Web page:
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Understanding perceptions of Muslims in the news

This book considers how the coverage of Islam and Muslims in the press informs the thoughts and actions of non-Muslims. As media plays an important role in society, analysing its influence(s) on a person’s ideas and conceptualisations of people with another religious persuasion is important. News reports commonly feature stories discussing terrorism, violence, the lack of integration and compatibility, or other unwelcome or irrational behaviour by Muslims and Islam. Yet there is little research on how non-Muslims actually engage with, and are affected by, such reports. To address this gap, a content and discourse analysis of news stories was undertaken; verbal narratives or thoughts and actions of participants were then elicited using interviews and focus groups. The participant accounts point towards the normativity of news stories and their negotiated reception patterns. Individual orientations towards the media as an information source proved to be a significant factor behind the importance of news reports, with individually negotiated personal encounters with Muslims or Islam further affecting the meaning-making process. Participants negotiated media reports to fit their existing outlook on Islam and Muslims. This outlook was constructed through, and simultaneously supported by, news reports about Muslims and Islam. The findings suggest a co-dependency and co-productivity between news reports and participant responses. This research clearly shows that participant responses are (re)productions of local and personal contextuality, where the consequences of socially constructed depictions of Islam and Muslims engage rather than influence individual human thoughts and actions.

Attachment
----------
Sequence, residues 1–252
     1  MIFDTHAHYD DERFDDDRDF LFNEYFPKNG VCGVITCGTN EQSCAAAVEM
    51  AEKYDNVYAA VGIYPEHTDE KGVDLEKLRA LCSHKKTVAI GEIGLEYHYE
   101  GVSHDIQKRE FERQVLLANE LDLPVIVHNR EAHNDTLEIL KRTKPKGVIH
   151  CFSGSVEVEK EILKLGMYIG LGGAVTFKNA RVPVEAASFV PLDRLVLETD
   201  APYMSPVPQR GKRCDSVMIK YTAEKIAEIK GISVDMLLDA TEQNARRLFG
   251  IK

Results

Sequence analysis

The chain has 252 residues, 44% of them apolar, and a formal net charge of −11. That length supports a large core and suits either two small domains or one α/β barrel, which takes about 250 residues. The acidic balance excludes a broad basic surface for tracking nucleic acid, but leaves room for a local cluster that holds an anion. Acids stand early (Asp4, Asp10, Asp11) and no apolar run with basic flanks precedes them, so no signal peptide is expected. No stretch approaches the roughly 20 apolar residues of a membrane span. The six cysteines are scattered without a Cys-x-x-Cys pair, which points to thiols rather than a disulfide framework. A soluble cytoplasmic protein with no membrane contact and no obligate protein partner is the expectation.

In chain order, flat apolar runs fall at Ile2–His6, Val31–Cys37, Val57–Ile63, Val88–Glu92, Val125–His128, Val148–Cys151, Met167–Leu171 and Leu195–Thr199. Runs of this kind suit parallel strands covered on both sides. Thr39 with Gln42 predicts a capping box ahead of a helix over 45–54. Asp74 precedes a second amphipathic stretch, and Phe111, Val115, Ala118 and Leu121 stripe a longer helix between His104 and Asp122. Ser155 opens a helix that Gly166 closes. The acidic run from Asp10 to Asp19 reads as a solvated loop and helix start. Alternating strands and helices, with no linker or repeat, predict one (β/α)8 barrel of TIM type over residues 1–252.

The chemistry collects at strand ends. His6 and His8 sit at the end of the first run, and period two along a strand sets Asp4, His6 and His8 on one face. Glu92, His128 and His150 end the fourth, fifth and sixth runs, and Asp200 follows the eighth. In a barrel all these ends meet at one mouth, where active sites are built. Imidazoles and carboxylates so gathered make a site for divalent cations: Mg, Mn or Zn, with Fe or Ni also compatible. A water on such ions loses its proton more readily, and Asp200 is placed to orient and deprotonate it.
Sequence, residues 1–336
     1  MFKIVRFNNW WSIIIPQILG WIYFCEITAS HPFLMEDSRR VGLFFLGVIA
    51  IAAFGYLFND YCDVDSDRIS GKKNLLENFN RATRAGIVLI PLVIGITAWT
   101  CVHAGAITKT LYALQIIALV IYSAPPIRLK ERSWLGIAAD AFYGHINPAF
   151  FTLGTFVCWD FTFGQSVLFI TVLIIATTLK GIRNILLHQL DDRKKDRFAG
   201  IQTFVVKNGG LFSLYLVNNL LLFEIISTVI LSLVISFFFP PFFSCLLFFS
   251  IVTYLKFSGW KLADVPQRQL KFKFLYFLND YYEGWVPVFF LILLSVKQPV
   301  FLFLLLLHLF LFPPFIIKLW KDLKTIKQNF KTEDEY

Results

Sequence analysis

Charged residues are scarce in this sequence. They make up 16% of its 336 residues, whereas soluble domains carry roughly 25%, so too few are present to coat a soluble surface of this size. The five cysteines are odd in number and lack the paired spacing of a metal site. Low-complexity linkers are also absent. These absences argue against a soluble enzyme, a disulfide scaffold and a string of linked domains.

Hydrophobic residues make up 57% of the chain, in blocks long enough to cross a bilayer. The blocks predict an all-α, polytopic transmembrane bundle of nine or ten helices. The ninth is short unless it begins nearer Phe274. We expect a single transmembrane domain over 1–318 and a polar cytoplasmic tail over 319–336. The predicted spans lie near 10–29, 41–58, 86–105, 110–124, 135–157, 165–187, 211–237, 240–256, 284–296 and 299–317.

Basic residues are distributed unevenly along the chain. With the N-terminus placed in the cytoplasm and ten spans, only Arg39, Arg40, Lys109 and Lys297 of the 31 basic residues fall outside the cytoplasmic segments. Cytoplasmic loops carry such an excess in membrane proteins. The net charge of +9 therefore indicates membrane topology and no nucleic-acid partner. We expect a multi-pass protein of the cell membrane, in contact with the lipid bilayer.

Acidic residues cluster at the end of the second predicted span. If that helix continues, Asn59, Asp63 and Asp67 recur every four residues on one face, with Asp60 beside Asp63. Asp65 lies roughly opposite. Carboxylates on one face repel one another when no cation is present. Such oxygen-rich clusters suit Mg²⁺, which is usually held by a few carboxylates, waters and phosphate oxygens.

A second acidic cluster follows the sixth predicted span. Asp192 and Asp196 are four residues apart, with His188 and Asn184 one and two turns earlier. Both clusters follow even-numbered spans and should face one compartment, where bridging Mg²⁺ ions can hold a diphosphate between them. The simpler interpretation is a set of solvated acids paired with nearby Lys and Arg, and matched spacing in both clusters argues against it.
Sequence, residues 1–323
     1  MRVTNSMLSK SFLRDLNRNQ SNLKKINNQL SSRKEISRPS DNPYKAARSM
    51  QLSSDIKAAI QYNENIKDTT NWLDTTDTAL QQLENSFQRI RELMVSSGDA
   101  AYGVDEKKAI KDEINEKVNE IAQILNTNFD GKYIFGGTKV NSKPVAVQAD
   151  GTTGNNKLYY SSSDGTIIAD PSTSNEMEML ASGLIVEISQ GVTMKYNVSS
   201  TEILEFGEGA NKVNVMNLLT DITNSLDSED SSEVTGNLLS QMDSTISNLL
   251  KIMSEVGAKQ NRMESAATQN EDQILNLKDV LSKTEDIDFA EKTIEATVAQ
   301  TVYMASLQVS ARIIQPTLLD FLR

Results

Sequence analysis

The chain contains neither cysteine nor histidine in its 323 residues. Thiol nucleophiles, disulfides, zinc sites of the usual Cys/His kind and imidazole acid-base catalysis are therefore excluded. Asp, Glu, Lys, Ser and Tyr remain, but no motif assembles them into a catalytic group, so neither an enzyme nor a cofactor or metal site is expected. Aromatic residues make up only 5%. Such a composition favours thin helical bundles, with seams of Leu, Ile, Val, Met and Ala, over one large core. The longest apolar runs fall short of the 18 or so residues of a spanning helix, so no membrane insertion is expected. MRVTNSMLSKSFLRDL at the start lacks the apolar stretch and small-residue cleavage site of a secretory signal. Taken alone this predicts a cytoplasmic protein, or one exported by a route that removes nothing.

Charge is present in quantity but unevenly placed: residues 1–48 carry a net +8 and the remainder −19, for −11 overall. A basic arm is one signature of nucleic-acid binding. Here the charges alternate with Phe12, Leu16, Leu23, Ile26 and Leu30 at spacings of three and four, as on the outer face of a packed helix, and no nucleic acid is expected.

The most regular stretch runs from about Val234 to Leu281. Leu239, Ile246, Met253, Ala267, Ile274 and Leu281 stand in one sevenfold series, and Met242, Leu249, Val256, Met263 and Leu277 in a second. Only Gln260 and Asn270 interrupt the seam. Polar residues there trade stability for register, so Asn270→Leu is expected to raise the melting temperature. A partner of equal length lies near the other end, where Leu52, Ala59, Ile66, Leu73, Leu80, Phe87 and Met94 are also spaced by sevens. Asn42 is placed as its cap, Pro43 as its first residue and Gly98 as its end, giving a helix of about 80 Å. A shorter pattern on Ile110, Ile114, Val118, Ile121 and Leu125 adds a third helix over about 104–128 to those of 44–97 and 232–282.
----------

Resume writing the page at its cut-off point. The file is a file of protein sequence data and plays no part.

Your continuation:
The case of the management of the dead related to COVID-19
Ahmed Al-Dawoody